COLORADO SPRINGS, Colo. (KKTV) - A tale of two bears: a mama bear released back into the wild with her cubs and bear euthanized after a series of break-ins in southwest Colorado Springs.
Both stories have happened in recent weeks, and both outcomes are possible for every bear wandering around the city.
Which one comes to pass is in our hands, wildlife experts tell 11 News.
The bear family was relocated over the weekend after getting into a garage. Colorado Parks and Wildlife tells 11 News they had already scared the bears away once before and were now forced to move them.
"We were able to dart Mom, get her loaded into a trap, after Mom was in the trap, walked away from the trap and all three cubs came down and walked in," said Frank McGee with CPW.
But a sadder ending for another bear in another garage in another Springs neighborhood.
"It's a very large bear ... bears in Colorado do not get that large eating natural foods. The only way they get that big is they're getting people food, they're getting trash, they're getting bird seed," McGee said.
That particular bear had been breaking into homes and garages across Broadmoor Bluffs, helping itself to ice cream and M&Ms. In a video sent to 11 News by one homeowner, the bear wandered into her garage and got within inches of her car window. The bear was later euthanized.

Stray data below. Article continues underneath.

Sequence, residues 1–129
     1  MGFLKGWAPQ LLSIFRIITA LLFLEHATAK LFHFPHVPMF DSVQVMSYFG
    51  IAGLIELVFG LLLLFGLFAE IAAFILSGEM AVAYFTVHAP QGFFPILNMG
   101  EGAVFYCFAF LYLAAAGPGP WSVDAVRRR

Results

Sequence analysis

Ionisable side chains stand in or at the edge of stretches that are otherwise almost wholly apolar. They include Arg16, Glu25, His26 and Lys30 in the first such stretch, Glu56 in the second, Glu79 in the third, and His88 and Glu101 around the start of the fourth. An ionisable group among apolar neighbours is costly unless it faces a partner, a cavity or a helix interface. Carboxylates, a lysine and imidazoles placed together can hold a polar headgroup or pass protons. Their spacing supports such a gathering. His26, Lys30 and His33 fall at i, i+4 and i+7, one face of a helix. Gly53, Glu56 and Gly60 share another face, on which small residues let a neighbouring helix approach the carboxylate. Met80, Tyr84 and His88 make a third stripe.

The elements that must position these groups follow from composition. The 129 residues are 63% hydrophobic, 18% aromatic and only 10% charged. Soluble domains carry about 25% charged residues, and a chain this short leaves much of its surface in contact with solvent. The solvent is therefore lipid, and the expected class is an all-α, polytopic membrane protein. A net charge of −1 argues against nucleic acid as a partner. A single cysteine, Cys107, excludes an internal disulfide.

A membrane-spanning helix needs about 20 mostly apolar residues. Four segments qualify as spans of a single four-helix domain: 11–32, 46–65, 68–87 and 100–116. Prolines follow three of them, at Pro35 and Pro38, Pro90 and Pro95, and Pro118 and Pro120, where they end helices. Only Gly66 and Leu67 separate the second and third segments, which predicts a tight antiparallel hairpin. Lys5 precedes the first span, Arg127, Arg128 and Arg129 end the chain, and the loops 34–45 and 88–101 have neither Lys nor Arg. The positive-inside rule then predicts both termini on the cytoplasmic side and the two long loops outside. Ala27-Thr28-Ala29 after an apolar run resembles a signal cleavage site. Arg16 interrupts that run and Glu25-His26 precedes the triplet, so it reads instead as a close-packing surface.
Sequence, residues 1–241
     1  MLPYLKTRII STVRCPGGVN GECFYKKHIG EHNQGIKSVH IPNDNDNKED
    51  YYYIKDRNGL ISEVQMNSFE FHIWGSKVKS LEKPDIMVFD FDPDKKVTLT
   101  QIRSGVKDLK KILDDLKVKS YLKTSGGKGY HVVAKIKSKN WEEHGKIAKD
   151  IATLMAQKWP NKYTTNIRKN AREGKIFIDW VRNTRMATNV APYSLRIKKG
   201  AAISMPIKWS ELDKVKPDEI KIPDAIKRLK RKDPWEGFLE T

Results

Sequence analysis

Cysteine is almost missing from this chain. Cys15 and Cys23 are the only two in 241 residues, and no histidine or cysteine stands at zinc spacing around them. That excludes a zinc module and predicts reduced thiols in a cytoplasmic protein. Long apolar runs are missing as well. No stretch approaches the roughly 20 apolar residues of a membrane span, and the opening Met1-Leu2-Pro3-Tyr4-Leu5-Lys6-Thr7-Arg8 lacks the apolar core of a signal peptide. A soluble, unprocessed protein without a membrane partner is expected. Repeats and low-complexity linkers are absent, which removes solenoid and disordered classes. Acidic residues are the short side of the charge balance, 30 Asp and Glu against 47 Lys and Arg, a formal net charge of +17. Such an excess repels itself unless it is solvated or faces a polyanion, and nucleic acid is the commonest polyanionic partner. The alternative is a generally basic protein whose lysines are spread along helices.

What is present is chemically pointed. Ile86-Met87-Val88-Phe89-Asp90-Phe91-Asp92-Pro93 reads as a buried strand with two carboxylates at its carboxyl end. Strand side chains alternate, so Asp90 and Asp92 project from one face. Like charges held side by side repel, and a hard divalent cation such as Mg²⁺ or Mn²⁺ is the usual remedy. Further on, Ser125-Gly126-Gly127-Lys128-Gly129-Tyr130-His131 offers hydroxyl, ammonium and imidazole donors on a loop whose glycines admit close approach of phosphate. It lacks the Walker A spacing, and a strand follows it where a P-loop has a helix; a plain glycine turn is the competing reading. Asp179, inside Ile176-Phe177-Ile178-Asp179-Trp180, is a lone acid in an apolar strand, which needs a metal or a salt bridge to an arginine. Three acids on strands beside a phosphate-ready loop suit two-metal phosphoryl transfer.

"We are only euthanizing bears that don't have a fear of people," McGee explained.
Seeing bears up close is part of living in Colorado and, especially for transplants, can be an amazing experience.
But it can be a deadly experience for the bears themselves.
According to McGee, once a bear loses that fear of humans, the clock is ticking. And if they come near people or a residence again, it'll very likely be put down.
McGee stresses this never has to be the case.
"There's this kind of false narrative out there that every time someone calls [Colorado Parks and Wildlife] we are going to come and kill a bear, and that's absolutely the very last thing that we want to have happen."
McGee said people can prevent bear deaths by taking early action to keep them away, particularly keeping trash locked up or out of reach and never feeding them.
"We need to keep them away from people food, and if they are getting into people food we need to intervene."
McGee says people should never be afraid to call them.
"It's important for us to know what's going on so that we can intervene at an early stage. ... What we need is to be able to intervene early enough before those bears lose their fear of people, before they become dangerous. ... We are only euthanizing bears that don't have a fear of people."
In Colorado Springs, officials have had to put down nearly a dozen bears this year. Statewide, more than 30 have been euthanized.
To ensure a happy ending like the one the mama and her cubs had, heed officials' advice. Lock up your trash, keep your food out of reach, and call Parks and Wildlife early on -- before it's too late for the bear.